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Wet Vs. Foam Granulation- Powder Tech

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Evaluation of the physical & mechanical properties of high drug load formulations (Metformin, APAP, and Aspirin) - Wet Granulation vs. Foam technique

Evaluation of the physical & mechanical properties of high drug load formulations (Metformin, APAP, and Aspirin) - Wet Granulation vs. Foam technique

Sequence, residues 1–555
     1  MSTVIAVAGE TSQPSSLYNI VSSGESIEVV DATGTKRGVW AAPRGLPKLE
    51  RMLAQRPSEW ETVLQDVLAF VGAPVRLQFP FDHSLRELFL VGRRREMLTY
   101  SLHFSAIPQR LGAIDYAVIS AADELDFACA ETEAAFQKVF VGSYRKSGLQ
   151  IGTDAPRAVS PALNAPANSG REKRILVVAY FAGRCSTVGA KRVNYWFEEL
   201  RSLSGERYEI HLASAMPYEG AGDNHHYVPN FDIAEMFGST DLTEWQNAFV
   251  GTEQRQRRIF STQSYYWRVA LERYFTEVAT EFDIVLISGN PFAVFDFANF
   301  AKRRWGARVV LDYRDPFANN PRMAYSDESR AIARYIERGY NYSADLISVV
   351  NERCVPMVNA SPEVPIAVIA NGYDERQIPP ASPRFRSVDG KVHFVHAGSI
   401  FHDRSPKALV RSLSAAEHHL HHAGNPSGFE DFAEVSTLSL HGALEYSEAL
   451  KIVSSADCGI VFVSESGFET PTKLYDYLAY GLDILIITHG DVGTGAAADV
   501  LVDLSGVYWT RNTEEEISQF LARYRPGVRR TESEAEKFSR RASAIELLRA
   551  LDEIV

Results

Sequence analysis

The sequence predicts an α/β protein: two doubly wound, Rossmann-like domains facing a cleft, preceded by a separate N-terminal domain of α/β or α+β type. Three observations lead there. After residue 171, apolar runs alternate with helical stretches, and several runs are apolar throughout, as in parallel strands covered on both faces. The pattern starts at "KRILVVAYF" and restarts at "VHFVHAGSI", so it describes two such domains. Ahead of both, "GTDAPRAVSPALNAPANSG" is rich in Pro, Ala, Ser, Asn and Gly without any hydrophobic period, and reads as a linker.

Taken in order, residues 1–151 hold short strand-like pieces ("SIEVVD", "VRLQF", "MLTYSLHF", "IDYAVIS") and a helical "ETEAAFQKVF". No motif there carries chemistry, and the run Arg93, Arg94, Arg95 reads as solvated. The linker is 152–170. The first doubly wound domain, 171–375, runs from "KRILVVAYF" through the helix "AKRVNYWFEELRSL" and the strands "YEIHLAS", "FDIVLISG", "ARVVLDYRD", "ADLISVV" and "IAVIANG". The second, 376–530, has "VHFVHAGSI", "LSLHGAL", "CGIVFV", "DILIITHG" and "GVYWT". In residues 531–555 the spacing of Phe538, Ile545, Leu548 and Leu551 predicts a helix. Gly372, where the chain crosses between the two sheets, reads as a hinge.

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  • 1. Powder Technology 195 (2009) 15–24 Contents lists available at ScienceDirect Powder Technology j o u r n a l h o m e p a g e : w w w. e l s ev i e r. c o m / l o c a t e / p ow t e cEvaluation of the physical and mechanical properties of high drug load formulations:Wet granulation vs. novel foam granulationStuart L. Cantor a,1, Sanjeev Kothari b,1, Otilia M.Y. Koo c,⁎a ICON Development Solutions, 6031 University Blvd., Ellicott City, MD 21043, USAb AstraZeneca Pharmaceuticals LP, 1800 Concord Pike, Wilmington, DE 19850, USAc Bristol-Myers Squibb Company, 1 Squibb Drive, New Brunswick, NJ 08903, USAa r t i c l e i n f o a b s t r a c tArticle history: The purpose of this study was to evaluate the influences of intrinsic drug mechanical properties and differentReceived 9 July 2008 granulation binder delivery processes on the physical and mechanical properties of high drug loadReceived in revised form 2 February 2009 granulations after wet granulation. Formulations (80% w/w) of acetaminophen (APAP), metformin andAccepted 6 May 2009 aspirin, which are brittle, viscoelastic, and ductile, respectively; were granulated by high-shear wetAvailable online 12 May 2009 granulation. Two modes of binder delivery for wet granulation, either conventional or binder foam, were investigated. Particle size, surface area and pore size of the granulations were characterized. Compacts wereKeywords:Hiestand tableting indices prepared at a solid fraction of 0.9 under tri-axial decompression and Hiestand indices (worst-case bondingConventional wet granulation index (BIw) and brittle fracture index (BFI)) of the compacts were determined. APAP formulations exhibitedFoam granulation the smallest geometric mean particle sizes (dg) and showed only slight differences in dg values between theViscoelastic two granulation processes. Binder delivery mode affected mechanical properties of the granulated modelDuctile drugs differently. Foam granulation appeared to enhance the granule plasticity for APAP while aspirinBrittle showed a mixed deformation mechanism based on both its high BIw and high BFI values. The higher BIw value for aspirin after foam granulation may be attributed to improved binder distribution among particles during granulation. On the other hand, conventional wet granulation improved the plasticity of metformin as measured by the higher BIw and lower BFI values. Therefore, conventional wet granulation process conferred advantages in manufacturability and product quality for metformin; as compared to foam granulation which did not enhance plasticity for metformin. Based on this study, a wet granulation process can be selected based on knowledge of the intrinsic drug mechanical properties. © 2009 Elsevier B.V. All rights reserved.1. Introduction different binder delivery processes have on the properties of the final granules. The understanding of both physical and mechanical properties of The two granulation processes compared in this study are thepharmaceutical granulations is critical for successful tablet formula- conventional wet granulation and a new foam granulation process.tion. Costly problems such as low tablet crushing strengths, poor High drug loads, i.e. 80% w/w, were used in this study to minimizefriability, poor coating uniformity, and capping/lamination can formulation effects and enable an accurate comparison of thepotentially be avoided through an improved understanding of the differences between the mechanical properties of the three modelphysico-mechanical properties of granulations. Such useful informa- drugs in affecting granulation properties. The foam-mediated wettion to quantify a granulations degree of brittleness or plasticity can granulation process where the binder is delivered as foam has beenbe gained by using dimensionless parameters known as the Hiestand gaining increasing attention in the pharmaceutical industry due to itstableting indices. In this study, the physical and mechanical properties advantages over conventional wet granulation. Foam granulationof high drug load granulations prepared via both conventional wet yields a more homogeneous dispersion of binder throughout theand foam processes were evaluated. It was desired to determine both powder bed during granulation and can potentially reduce dryingthe influences that the intrinsic drug mechanical properties and time due to the lower soak-to-spread ratio of binder foam compared to a conventional spray of binder solution [1]. Moreover, delivery of the binder foam through rigid plastic tubing eliminates the need to ⁎ Corresponding author. Biopharmaceutics Research and Development, Bristol-Myers optimize nozzle placement and geometry. Excipients suitable for foamSquibb Company, 1 Squibb Drive, New Brunswick, NJ 08903, USA. Tel.: +1 732 227 5341; generation include commonly used binders such as hydroxypropylfax: +1 732 227 3986. E-mail address: otilia.koo@bms.com (O.M.Y. Koo). cellulose (HPC), hypromellose (HPMC) and other cellulose ethers [1]. 1 All of the work described here was conducted by the authors at Bristol-Myers Surfactants (e.g., sodium laurel sulfate, Poloxamer® 188) may also beSquibb Company, New Brunswick, NJ, USA. used as aids to generate foam. The typical binder solution viscosity0032-5910/$ – see front matter © 2009 Elsevier B.V. All rights reserved.doi:10.1016/j.powtec.2009.05.003